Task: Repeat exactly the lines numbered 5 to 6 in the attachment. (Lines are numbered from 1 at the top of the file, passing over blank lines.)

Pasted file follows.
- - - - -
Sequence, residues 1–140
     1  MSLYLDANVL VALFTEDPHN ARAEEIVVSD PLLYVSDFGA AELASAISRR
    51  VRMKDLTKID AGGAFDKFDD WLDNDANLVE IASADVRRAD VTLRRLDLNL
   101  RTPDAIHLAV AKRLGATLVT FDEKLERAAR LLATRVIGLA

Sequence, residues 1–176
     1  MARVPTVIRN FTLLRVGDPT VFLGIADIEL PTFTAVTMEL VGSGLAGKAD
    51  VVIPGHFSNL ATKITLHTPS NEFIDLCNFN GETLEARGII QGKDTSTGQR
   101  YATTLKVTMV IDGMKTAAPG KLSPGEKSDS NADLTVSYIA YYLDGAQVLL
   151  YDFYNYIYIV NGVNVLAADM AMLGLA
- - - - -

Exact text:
Sequence, residues 1–176
     1  MARVPTVIRN FTLLRVGDPT VFLGIADIEL PTFTAVTMEL VGSGLAGKAD